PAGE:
Authors: H.S. Choi, K.H. Kim, K-H Hong, J. Kim, H.S. Lee, J.K. Shin, A.V. Vasenkov, A.I. Fedoseyev and V. Kolobov
Affilation: Samsung Advanced Institute of Technology, Korea
Pages: 185 - 188
Keywords: multiscale simulation, carbon nanotube, molecular dynamics, kinetic monte-carlo, plasma, coarse time stepper, gap-tooth method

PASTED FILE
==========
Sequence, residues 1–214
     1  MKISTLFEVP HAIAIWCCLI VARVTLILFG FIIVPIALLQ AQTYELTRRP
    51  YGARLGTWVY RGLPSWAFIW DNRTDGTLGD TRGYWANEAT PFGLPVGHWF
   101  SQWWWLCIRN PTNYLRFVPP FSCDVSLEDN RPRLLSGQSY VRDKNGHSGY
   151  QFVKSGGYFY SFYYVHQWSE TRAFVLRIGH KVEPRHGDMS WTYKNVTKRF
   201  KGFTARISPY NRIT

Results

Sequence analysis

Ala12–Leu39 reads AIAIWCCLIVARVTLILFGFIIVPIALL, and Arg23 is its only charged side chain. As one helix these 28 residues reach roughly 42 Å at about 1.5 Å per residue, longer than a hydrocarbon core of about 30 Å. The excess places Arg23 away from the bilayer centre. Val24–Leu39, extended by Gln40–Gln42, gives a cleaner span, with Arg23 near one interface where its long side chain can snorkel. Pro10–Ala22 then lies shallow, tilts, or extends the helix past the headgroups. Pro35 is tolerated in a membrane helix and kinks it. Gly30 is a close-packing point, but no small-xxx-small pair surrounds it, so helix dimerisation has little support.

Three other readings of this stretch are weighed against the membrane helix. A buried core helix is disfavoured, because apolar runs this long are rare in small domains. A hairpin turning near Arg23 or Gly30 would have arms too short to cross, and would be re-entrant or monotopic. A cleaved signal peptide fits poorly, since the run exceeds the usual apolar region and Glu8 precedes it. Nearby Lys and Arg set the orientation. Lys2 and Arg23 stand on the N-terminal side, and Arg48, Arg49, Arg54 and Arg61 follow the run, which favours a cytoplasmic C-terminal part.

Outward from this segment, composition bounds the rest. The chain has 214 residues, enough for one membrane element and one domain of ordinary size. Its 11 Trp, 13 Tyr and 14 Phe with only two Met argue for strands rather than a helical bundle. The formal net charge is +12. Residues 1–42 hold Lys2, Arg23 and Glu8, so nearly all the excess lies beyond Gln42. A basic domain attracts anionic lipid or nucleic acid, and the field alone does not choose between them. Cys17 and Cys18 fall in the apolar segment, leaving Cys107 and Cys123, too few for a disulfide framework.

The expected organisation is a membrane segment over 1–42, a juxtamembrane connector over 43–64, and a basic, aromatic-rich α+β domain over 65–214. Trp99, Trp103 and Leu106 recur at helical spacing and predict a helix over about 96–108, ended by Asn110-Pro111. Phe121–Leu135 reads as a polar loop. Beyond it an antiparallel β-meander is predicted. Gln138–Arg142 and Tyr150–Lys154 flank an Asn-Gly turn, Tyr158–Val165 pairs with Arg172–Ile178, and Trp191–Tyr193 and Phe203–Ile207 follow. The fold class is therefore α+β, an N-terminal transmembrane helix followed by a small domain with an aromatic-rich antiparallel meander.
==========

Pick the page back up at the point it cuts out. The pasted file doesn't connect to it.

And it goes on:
The current rapid development of nanotechnology has created a significant interest to predict the behavior of materials from the atomic to the engineering scales. However, it was found that such prediction is a very challenging problem since existing atomistic models are too slow, while mesoscopic and/or continuum codes are not capable of capturing nanoscale effects. This paper addresses this problem by introducing a Multi Scale Computational Framework (MSCF) which couples a reactor-scale module for gas/plasma-phase and surface processes, a Kinetic Monte Carlo (KMC) – FILM module for the growth of molecular structures, Molecular Dynamics (MD) NAMD module for the self-assembly of atoms into molecular structures, a “Gap-tooth” module for bridging reactor-scale and atomistic KMC simulations, and a “Coarse timestepper” module for coupling KMC and MD modeling. This framework works on length and time scales that are a million times disparate as shown in Fig. 1. The high efficiency was achieved due to the use of continuum model in large gaps where details of atomic motion are unimportant, while atomistic KMC-FILM and NAMD modeling was performed in tiny teeth where atoms self-assemble into molecular structures. The interactions between different modules of MSCF in a time interval from to, where is the mesoscopic time step, was conducted as follows. NAMD performed MD modeling for a nanoscopic time in each tiny tooth and computed the rates of surface processes and their derivatives in time. This was accomplished by using a reactive MD approach introduced by Nyden et al, 2003. The MD results were transferred to the Coarse timestepper module which calculated the time-dependent rates using the Newton-Raphson method. The rates were used by KMC-FILM for simulating system evolution in teeth using a microscopic time step. Subsequent to each KMC-FILM iteration, the Coarse timestepper module performed the stability analysis of the solution and repeated a KMC-FILM iteration if necessary. If the check for stability was successful, the incoming fluxes for each tooth were updated by the Gap-tooth module from the fractions of outgoing KMC fluxes obtained in the nearest teeth and NAMD was called by the Coarse timestepper module for updating time-dependent rates. Once the simulation time in KMC-FILM reaches, the continuum CFD-ACE was called by the Gap-tooth module for modeling the majority of surface and gas/plasma-phase processes and providing the fluxes of absorbed species for KMC. The feasibility of MSCE was investigated for plasma-assisted growth of carbon nanotubes (CNTs). An example of KMC-FILM results is shown in Fig. 2 where catalytic growth of CNTs includes the diffusion of carbon atoms through catalyst particle, and incorporation of carbon into CNT. Dominant path for delivering the supply of carbon onto growing CNT surface and existence of two different modes during CNT growth are discussed.